Ironically, it was not originally intended to be a theater, but a tennis court. (You can see the long rows of box seats on either side where an audience would have watched a match). The Lisle Court only became a theater in 1662, before being temporarily closed during the plague in 1665. [There may also have been a murder that occurred there, but somehow that tale has only recently resurfaced :-) ]
In doing my research, I came across the work of Steve Bouler, a theater professional and academic, as well as being an extremely talented designer of virtually reconstructed theatrical playhouses.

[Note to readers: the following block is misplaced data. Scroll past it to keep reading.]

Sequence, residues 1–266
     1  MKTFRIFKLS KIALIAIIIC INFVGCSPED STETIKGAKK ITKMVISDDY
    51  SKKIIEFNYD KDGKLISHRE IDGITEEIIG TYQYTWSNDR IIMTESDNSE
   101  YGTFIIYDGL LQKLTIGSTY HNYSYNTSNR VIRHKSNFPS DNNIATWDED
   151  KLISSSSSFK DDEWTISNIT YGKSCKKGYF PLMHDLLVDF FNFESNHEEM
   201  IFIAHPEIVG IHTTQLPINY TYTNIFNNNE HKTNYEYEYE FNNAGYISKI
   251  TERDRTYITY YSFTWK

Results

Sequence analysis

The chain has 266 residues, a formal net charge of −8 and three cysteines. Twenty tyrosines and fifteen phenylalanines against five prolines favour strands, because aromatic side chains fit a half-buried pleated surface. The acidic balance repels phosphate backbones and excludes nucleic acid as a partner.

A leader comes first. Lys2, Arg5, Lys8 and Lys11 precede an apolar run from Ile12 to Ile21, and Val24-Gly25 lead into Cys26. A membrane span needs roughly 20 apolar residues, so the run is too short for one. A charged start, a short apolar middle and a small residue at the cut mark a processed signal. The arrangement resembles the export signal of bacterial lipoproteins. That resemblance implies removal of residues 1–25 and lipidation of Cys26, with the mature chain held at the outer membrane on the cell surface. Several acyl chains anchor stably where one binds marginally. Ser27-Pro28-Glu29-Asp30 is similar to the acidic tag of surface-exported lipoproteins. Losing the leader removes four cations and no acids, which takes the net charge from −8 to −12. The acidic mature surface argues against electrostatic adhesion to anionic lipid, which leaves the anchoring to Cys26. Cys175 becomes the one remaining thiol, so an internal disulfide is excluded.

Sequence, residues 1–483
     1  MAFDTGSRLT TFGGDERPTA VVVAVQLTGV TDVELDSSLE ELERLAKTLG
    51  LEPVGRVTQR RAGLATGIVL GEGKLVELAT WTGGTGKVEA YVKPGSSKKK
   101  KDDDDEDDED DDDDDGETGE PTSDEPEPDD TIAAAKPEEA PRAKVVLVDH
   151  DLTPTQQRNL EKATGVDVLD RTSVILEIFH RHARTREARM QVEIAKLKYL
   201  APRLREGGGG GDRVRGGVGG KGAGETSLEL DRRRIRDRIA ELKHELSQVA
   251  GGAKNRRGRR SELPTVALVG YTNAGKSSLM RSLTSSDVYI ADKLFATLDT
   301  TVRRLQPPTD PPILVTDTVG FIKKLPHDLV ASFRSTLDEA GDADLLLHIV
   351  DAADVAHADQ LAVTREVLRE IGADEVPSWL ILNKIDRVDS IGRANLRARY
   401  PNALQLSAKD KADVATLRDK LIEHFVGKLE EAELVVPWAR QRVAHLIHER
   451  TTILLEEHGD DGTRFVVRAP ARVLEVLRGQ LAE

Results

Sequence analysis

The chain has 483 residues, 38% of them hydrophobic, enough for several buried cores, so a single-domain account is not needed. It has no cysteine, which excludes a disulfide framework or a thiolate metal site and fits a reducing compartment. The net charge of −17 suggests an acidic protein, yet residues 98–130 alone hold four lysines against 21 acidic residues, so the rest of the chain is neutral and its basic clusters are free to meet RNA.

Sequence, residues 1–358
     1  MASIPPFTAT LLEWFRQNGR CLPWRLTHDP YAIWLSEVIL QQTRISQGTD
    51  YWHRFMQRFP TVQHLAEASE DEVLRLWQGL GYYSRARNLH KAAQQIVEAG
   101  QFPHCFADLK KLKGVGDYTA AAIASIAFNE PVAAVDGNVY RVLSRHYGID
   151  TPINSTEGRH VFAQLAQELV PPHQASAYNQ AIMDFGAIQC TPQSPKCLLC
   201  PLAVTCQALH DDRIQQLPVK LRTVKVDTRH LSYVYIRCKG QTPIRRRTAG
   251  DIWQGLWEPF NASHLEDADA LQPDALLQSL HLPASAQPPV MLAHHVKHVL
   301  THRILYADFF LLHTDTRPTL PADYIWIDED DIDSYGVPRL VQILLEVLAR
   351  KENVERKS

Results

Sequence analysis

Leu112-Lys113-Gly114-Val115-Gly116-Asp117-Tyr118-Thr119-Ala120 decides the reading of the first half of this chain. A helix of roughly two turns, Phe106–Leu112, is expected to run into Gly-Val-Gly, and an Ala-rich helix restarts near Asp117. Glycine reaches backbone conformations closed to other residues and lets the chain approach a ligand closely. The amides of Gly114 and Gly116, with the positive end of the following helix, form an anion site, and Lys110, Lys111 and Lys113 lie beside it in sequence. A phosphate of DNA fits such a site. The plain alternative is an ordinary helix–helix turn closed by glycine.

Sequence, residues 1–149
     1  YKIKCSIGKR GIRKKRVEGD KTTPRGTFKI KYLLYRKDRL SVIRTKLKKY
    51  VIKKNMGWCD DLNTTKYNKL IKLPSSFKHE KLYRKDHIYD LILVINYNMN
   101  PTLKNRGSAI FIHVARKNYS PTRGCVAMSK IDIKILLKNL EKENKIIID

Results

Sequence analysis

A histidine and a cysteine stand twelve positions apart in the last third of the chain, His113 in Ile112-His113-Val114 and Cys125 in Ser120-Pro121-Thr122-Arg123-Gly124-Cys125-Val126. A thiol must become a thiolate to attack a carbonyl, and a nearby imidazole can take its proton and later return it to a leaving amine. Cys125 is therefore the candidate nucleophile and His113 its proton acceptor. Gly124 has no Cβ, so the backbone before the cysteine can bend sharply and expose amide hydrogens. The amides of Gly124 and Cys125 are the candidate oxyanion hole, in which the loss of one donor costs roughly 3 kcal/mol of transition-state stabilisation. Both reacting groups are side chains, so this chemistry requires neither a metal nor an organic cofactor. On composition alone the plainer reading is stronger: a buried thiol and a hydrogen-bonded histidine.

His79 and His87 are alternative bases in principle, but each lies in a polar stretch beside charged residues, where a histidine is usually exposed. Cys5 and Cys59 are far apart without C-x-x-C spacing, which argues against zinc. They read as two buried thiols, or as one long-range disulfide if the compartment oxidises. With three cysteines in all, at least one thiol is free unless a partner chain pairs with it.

It's hard to express how immensely helpful these reconstructions are to a researcher. Since so many of these Renaissance and Restoration playhouses are now gone, we must rely on extant sketches that can be difficult to track down,and even more difficult to interpret.
I know I spend a lot of time looking over faded sketches with teeny print, trying to figure out how everything fits together. But when I came across these reconstructions, I gained a far better sense of how plays would have been staged (and received). You'll understand when you check out Bouler's amazing panoramic reconstructions! Check it out!